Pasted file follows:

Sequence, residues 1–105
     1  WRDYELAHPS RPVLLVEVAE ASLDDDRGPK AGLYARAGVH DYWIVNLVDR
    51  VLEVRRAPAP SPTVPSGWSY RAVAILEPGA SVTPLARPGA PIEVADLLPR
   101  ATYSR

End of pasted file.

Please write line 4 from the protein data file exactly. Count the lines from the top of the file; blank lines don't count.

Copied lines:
   101  ATYSR